Your partner liked to put on her kimono afterwards.
It was your habit, developed back when you had roommates, to put on pants and a tank top, your most basic uniform, and go downstairs. Sometimes you cuddled your partner first. Since you’d started insemination, you had made a point of staying wrapped up with her for a count of 120. A silent count.
You washed the syringe out before throwing it away because the first time you guys had used the donor sperm, you hadn’t washed out the syringe and your kitchen garbage smelled funky the next morning. The vials, you were rinsing and keeping at the back of a cupboard shelf too high for your partner to see, even when standing on the kitchen stool. You had labels sitting around in a desk drawer and you’d been writing little notes to attach to each one. Date. Weather. Smell (of semen). Feeling (before, during, or afterward). Today you wrote, “Oct. 7. Raining. Damp earth and steamed broccoli. Fine, nearly lonely.” You thought about crossing out nearly. Then you thought about crossing out lonely.
The fridge was empty and no amount of standing with the door open changed that. You called up the stairs, “I’m going to the store. You want anything?”
She was probably asleep.
Outside, wind was blowing the rain around. You closed the front door and went upstairs to grab a sweater and some warm socks. Your partner was rolled over, her chest rising and falling with the rhythm of gentle waves. You were hungry. The socks you chose had holes and the sweater was pungent with body odour.
Downstairs again, you grabbed a toque, your heavy rubber raincoat and your Blundstones.
You dropped your keys on the front step. Their metallic clatter complimented the sound of the blowing trees and the rain’s wash.
You walked quickly, with your shoulders up. There was a booty on the sidewalk, fallen from a passing stroller, you guessed. It seemed like over the past eleven months, there’d been a serious increase in strollers in this neighbourhood. You picked the soaked booty up and put it on the lowest of a pair of nearby concrete steps.
The Seven Eleven sign shined white, green, orange and red light through the rain drops as they streaked past. The raised concrete walkway under the convenience store’s overhang welcomed your wet soles. A pigeon pecked at a patch of trampled bubble gum.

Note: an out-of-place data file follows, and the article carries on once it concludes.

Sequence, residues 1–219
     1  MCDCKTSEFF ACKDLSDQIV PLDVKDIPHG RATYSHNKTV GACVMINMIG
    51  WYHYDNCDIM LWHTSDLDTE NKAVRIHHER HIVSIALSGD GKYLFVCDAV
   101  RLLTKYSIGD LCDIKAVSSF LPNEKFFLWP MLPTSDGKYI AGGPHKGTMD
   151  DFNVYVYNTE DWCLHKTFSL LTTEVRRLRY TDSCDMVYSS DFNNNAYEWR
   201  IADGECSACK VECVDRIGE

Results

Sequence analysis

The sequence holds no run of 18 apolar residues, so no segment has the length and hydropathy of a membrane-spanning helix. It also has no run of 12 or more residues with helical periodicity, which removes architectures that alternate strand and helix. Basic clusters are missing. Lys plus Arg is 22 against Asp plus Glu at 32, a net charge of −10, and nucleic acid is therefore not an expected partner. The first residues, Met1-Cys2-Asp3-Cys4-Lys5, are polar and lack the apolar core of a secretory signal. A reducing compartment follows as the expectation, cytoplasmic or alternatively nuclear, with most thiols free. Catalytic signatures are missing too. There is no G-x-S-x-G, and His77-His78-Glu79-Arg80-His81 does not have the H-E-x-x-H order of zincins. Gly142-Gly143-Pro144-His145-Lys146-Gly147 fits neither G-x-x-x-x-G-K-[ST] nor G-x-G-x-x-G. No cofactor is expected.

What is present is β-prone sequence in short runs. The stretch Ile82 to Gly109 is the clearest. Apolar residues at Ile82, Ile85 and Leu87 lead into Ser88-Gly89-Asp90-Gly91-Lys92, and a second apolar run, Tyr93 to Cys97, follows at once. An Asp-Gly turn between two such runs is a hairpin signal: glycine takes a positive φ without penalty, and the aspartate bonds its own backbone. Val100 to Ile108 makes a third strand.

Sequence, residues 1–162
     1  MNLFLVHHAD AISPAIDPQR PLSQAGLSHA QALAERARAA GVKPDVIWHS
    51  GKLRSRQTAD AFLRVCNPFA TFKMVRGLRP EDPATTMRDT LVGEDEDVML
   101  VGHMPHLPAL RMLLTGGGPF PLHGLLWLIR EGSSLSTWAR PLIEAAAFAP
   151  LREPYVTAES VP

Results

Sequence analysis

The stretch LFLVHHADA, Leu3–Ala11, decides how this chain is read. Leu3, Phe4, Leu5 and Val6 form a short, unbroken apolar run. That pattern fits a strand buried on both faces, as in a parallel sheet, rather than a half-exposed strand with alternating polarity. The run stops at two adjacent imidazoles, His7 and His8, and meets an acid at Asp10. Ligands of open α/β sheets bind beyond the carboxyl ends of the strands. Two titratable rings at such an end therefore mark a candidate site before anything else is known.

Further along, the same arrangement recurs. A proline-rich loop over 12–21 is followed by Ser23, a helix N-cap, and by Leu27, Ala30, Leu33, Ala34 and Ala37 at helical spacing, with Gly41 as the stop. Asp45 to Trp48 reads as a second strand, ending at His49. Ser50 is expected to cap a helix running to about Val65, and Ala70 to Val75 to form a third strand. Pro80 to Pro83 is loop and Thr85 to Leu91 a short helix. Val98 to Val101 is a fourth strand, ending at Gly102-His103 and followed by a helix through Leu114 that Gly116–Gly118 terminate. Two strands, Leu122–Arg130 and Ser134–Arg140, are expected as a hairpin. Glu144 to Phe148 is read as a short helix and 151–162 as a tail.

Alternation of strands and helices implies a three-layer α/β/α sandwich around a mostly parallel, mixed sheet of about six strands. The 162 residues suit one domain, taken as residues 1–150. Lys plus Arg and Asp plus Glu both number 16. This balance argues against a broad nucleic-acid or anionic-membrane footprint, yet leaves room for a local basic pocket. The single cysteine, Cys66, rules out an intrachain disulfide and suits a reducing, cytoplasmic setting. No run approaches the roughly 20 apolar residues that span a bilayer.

Sandeep was working the night shift and he greeted you happily. Your response prompted him to ask, “What is wrong? Everything is okay with Mary, I hope?”
“She’s fine, yeah. Sorry. The weather.” You tried on a smile.
“It’s a fine night, friend.”
“Yes, of course.”
The Slurpee machine’s motor churned and groaned. You caught a reflection of yourself in the ATM’s burned out sign. The skin around your mouth was less smooth than you remembered it. Your aunt in Charlotte had cherub sculptures around the outside of her old stone home, their faces pocked by acid rain. It wasn’t that bad, you knew. The skin was not wrinkled or scarred, certainly, but visibly aged. Transitioning to old.
You were standing by the chips, holding a bag of Doritos in one hand and a bag of Ketchup chips in the other, when this guy came in. Through a row of Pringles, you watched him pull a Slurpee into an extra-large cup and tried to sort out what it was about him that recalled Dad’s old friend, Jeremy Taylor, who’d had a perm through the eighties and thought men wearing pink was a gateway to a world of catastrophic queerness.
“Jake,” a woman called. She was leaning against the doorframe, her pregnant belly pressing against its brown metal. “Get me some chips, too. Dill pickle or something.” She made a face. “You left this awful taste in my mouth.”
“Nice,” Jake said. He held a hand out towards you then Sandeep. “Like they needed to hear that.”
The woman looked at you. “Sorry,” she mouthed. Or maybe whispered. She waved at Sandeep, then went back outside.
You smelled him before you saw Jake standing there. “Excuse me,” he said, leaning past you and grabbing a large, green and blue chip bag. You turned your head to try and get clear of the wafting semen. “Thanks,” he said. You nodded and pressed your lips together to smile. “Have a good night,” he said, laughing.
When you got to the counter, Sandeep commented on how unusual it was for you to buy regular ruffled chips.
“Something different, I guess,” you said.
“Variety is the spice, isn’t that how it goes?”
The rain had gotten worse. You took off your outdoor things and your pants in the front hall and walked slowly up the stairs, grabbing handfuls of chips from the bag and holding them to your mouth. You picked each chip up with your tongue and turned it over to find its saltiest side.
It always took the shower a minute of running to warm up. A towel folded on your knee, you sat naked beside your piled clothes and remembered the sound of your parents bathing in the minutes before they would wake you for school, the dawn light glowing through the Venetian blinds on your bedroom windows.
When your partner woke you, you were curled up on the bathmat, the towel pulled over you, the shower running cold, all hot water long since fallen. Outside, the sun was penetrating the blue, cloudless sky. The rain was inside now, fighting to get out through your eyes. Your partner’s kimono was sleep wrinkled. The half-eaten bag of chips reminded you of last night.
You asked your partner to tell you again about the donor. She sat down on the toilet, ran her fingers through your hair and explained who he was like she was describing you, like she was describing the person you wanted your child, possibly now conceived, to be.
Toronto, ON, September 2015
Emoji sequence: Leah Vine
Story: Lee Sheppard